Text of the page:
ARL Commission chairman Peter V’landys says the NRL has been given official permission to resume next month, but neither the state’s deputy chief medical officer or health minister have ticked off any proposals.
The game’s planned May 28 restart was again called into question by the NSW Premier on Saturday when she claimed she had not approved a return.
Gladys Berejiklian stressed the NRL was not on a list of forced closures or bans, but said the league had to ensure it could return safely.
NSW Health Minister Brad Hazzard also said the issue was a matter for NSW Health and not politicians.
Speaking again on Saturday about the game’s resumption, the minister said the NRL had to have a discussion with NSW Health to see if it could return next month safely.
But the NRL is confident it already has the documentation required to do so.
The governing body has been spurred on by a March 31 public health order which prevents people staying on premises but excludes events such as sport or racing.
Mr V’landys also told AAP he’d emailed the State Emergency Operations Centre after that and, last week, received positive confirmation.
“We’ve got a letter from the coordinator confirming that we can train and play,” Mr V’landys said.
“So I could dot the ‘I’s and cross the ‘T’s; I got a separate letter off the department which is the State Emergency Operations Centre that is implementing the health order.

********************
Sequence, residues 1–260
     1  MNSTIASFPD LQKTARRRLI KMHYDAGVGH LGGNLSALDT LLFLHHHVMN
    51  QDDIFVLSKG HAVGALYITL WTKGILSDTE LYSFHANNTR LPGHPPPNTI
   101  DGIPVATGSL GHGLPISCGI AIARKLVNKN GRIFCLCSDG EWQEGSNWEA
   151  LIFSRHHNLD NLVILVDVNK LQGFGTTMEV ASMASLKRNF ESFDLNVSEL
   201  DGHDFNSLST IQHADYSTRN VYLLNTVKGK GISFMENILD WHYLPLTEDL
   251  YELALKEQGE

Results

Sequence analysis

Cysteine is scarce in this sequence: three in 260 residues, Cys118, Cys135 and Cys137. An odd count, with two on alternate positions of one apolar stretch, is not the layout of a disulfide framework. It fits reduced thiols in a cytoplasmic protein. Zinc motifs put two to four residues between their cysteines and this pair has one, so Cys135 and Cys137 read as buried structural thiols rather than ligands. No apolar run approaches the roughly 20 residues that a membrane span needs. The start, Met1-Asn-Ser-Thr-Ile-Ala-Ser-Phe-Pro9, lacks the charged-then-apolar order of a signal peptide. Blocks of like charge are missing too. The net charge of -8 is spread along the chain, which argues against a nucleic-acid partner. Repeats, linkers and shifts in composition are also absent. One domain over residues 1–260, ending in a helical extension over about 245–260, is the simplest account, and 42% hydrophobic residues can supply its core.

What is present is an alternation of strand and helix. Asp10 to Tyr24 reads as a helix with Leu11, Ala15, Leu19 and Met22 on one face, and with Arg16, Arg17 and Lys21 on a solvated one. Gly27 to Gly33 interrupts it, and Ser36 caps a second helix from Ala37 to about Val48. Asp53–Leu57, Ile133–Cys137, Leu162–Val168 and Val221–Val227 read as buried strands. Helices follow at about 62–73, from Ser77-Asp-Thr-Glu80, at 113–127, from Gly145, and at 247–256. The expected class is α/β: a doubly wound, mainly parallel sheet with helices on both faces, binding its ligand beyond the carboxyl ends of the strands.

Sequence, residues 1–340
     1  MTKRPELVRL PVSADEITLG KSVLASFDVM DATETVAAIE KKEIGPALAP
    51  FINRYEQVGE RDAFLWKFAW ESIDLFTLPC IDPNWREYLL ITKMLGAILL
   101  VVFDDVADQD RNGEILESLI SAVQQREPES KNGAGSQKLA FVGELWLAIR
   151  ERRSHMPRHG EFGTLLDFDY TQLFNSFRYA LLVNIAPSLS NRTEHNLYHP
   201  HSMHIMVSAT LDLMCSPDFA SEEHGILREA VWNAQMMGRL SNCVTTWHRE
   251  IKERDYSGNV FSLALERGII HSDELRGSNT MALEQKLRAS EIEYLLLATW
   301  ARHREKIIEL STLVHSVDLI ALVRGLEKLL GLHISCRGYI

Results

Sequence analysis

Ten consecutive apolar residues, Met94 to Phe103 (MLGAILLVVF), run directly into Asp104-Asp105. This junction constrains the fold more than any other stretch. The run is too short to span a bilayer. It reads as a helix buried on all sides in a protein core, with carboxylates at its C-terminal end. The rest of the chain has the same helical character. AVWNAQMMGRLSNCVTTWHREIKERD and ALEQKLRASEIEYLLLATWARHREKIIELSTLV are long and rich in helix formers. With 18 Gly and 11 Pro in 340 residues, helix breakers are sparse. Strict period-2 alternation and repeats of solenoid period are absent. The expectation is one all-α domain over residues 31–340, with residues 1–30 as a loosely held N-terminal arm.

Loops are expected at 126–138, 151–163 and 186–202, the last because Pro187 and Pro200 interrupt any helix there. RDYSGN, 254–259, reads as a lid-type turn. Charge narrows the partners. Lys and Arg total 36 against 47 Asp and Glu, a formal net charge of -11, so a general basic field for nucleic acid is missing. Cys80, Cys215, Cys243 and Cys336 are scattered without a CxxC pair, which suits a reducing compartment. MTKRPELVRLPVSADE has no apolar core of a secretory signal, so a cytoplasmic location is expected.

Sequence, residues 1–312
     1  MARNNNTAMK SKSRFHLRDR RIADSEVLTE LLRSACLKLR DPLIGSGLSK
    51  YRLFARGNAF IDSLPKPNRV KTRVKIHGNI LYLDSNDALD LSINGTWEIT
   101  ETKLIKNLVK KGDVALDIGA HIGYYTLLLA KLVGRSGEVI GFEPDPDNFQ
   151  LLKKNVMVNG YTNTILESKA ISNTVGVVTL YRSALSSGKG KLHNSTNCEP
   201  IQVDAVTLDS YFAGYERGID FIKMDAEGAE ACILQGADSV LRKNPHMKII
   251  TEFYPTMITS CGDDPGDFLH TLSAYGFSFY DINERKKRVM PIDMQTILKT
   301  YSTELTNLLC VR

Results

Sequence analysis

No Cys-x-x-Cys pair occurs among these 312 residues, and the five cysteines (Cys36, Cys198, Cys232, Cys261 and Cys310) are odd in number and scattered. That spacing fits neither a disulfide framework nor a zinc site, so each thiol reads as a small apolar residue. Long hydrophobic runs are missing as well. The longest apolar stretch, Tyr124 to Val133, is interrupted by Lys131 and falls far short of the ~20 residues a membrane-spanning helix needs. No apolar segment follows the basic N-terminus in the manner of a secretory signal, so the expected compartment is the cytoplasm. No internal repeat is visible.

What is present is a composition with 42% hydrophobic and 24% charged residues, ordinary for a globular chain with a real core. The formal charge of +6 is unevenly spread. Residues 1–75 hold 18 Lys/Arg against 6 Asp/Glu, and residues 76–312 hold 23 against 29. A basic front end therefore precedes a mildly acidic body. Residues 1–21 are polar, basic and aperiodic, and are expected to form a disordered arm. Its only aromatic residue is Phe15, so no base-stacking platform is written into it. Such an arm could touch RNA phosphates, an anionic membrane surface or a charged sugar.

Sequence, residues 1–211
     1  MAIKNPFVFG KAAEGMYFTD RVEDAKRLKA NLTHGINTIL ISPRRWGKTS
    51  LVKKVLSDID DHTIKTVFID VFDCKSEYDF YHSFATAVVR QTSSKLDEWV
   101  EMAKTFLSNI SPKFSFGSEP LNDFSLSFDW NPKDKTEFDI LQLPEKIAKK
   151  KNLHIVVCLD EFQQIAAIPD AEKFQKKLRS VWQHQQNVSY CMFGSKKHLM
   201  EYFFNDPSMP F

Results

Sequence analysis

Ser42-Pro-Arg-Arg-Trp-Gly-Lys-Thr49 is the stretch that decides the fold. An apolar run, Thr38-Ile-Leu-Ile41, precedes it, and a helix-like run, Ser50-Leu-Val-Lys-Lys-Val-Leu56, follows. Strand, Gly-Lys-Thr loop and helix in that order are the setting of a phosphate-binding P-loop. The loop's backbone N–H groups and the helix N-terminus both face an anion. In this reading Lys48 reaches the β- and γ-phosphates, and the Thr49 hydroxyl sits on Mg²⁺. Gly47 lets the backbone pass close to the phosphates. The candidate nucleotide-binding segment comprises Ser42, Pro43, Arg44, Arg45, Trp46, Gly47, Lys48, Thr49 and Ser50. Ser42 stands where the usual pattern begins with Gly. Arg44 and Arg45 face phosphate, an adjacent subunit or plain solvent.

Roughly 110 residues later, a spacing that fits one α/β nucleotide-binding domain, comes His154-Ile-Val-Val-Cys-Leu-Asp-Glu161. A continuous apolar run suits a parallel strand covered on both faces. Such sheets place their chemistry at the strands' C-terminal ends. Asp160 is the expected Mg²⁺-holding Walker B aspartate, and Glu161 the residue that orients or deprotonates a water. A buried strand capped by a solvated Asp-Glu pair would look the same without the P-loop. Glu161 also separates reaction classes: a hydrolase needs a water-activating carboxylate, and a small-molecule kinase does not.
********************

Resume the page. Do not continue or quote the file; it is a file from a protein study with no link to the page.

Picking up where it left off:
“And it says it does not preclude the NRL from commencing the competition. It says in the absence of crowds at relevant stadiums.”
When asked if the league was willing to sit down with NSW Health over the measures of the NRL’s return, Mr V’landys said he was.
“If he (Hazzard) says we have to, we will, but I have letters saying we can (return),” Mr V’landys said.
“We’ll do anything the state government requires us to do, but we are still of the firm view that we have permission in writing and it’s in the health order.
“I totally understand how busy they are so, accordingly I don’t expect them to know all the detail.
“But we’re comfortable we have the permission both in writing and in the health order.”
The NRL also took heart on Saturday with the continued drop of new cases in NSW, which are down significantly from when the game was stopped on March 23.
Players will be asked to undertake a number of biosecurity measures when the game returns, including around hygiene, self isolation and temperature checks.
V’landys’ comments came after Hazzard said he too hoped sport could return, but only once given the tick by authorities.
“It’s a ‘have a discussion with health authorities to see if it can be done safely’,” Mr Hazzard said.
“If it is possible for a sport, any sport, to operate in a safe way, that’s a question for health authorities – not politicians.
“The government did not stop rugby league from playing – rugby league stopped rugby league from playing (last month when the competition was suspended).
“We haven’t actually taken any steps one way or the other.”